In speeches you should continue to publicize the fact that Russian intervention in Syria is completely legal according to international law, since a UN member state has requested our assistance. Such an image will starkly contrast that of the United States, a country that originally destabilized the region by illegally invading Iraq and now continues to illegally intervene in the affairs of the sovereign state of Syria. Furthermore, the United States supports rebel groups that include terrorists among their ranks.

Moreover, the potential narrative of Russia’s legal and benevolent intervention in Syria may distract the international community from the situation in Ukraine. The West has no will to use its militaries to intervene in Ukraine, and the Minsk Agreement creates a useful façade suggesting that a meaningful cease-fire is in place even though our destabilization efforts persist. The West is not looking for a fight, and it wants the Agreement to be a success more than we do. The Germans and other Europeans are tired of being bullied by the United States into implementing sanctions against Russia, and if Russia continues to build good will the sanctions can eventually be lifted—at least in Europe.

Another means of appealing to the international community may rest in Turkey’s recent unprovoked militarism against Russia. Continue your firm response to its reprehensible downing of a Russian jet through public condemnations of Turkish President Recep Tayyip Erdoğan and a call for immediate international sanctions upon Turkey.

  1. Create and strengthen Russian alliances and partnerships.

Russia does not have a robust network of allies. Our regional military alliance, the Collective Security Treaty Organization, only contains member states that were previously part of the Soviet Union (and, for that matter, does not even include all of the former-Soviet republics). CSTO should seek to expand its range by adding new countries with which Russia already has close ties, such as Iran, as long as they meet the requirements of membership.

In addition, you should continue to monitor and exploit the decay of American alliances. The United States’ ties with Israel, for example, have deteriorated due to differences on Iran and the bitter personal relationship between President Obama and Prime Minister Benjamin Netanyahu. The recent drones agreement between Russia and Israel serves as one example of the strides Russia can make in pulling regional powers away from the influence of the United States and bringing them closer to Russia.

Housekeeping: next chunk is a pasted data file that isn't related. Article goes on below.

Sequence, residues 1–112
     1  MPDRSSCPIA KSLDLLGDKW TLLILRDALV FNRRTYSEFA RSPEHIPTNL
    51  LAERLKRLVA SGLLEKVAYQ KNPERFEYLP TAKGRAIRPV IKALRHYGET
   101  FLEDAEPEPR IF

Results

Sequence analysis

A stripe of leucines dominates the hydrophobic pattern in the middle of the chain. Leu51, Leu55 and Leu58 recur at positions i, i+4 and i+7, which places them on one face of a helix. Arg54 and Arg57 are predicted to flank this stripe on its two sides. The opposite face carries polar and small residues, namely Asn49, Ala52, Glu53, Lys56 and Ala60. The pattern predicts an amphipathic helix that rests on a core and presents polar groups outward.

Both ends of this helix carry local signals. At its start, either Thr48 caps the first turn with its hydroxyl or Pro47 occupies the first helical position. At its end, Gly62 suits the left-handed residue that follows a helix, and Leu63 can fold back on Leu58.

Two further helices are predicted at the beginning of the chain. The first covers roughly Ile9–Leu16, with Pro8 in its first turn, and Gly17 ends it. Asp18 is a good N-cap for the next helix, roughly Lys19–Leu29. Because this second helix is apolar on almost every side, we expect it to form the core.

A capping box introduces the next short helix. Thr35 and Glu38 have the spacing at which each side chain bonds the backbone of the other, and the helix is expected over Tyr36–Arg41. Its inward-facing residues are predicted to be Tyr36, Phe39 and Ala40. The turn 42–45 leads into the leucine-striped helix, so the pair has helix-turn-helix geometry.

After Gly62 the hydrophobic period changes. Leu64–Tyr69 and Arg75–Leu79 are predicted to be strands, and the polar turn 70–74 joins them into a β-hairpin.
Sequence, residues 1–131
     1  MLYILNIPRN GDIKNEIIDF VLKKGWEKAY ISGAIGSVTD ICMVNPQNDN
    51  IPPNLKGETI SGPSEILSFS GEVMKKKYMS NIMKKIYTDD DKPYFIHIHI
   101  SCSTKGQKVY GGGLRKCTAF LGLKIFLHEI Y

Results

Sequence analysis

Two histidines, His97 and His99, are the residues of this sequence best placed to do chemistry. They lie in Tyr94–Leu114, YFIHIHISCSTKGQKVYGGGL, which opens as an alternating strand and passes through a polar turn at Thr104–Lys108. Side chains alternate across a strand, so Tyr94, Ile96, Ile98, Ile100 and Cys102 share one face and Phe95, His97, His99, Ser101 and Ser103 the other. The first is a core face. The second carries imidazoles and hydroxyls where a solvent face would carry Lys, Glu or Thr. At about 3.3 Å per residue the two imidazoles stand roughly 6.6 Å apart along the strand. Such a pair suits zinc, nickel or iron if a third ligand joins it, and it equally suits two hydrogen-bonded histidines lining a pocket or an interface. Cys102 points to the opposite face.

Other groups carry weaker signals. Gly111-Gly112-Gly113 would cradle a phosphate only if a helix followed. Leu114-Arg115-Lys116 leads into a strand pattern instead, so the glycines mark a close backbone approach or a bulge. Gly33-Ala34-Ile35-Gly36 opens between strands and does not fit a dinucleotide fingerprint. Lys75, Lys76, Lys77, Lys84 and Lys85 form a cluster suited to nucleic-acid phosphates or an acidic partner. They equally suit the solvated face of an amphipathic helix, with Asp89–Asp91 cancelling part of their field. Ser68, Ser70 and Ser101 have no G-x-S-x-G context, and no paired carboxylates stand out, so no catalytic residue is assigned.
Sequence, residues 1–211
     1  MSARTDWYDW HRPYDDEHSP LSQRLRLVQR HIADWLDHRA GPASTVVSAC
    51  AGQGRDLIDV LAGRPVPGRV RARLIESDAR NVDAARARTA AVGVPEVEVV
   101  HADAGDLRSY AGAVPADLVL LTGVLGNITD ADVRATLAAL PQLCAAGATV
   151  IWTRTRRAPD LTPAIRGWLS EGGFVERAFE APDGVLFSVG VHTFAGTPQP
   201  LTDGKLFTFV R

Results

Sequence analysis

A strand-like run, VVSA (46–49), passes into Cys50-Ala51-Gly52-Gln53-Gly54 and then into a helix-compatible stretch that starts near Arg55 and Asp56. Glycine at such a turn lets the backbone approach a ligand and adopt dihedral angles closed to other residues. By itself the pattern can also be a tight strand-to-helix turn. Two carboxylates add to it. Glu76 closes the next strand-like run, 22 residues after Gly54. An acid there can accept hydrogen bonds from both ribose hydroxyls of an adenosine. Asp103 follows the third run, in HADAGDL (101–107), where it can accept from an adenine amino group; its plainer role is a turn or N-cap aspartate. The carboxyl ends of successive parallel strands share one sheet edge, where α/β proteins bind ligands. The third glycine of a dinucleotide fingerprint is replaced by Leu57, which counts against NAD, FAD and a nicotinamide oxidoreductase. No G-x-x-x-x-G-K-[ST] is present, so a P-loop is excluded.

In terms of other great powers, it is probably not yet conceivable that Russia would create formal alliances with India or China. Nevertheless, energy will play a crucial role in managing Russia’s relationship with these two Asian powers in the coming years. Since oil deals with China have been delayed, you should consider expanding trade with India, especially since its economy is beginning to grow faster than its East Asian counterparts. Still, China probably represents a bigger potential security threat to Russia than India, and you should consider making cautionary arrangements regarding China’s military rise. While a formal alliance is unlikely to materialize, Russia could privately negotiate an understanding of peace similar to the secret Reinsurance Treaty made between Germany and Russia in the late nineteenth century.


The retreat of American foreign policy allows you, Mr. Putin, to fill a geopolitical void with Russian power and resolve. Crafting an improved image of Russia will be crucial in removing illegal international sanctions and building new strategic alliances and partnerships. Taking leadership on critical global issues such as Syria will allow you to demonstrate that Russia cannot be sanctioned into obscurity. We remain a great power with which to be reckoned.

Image source: Wikimedia // NVO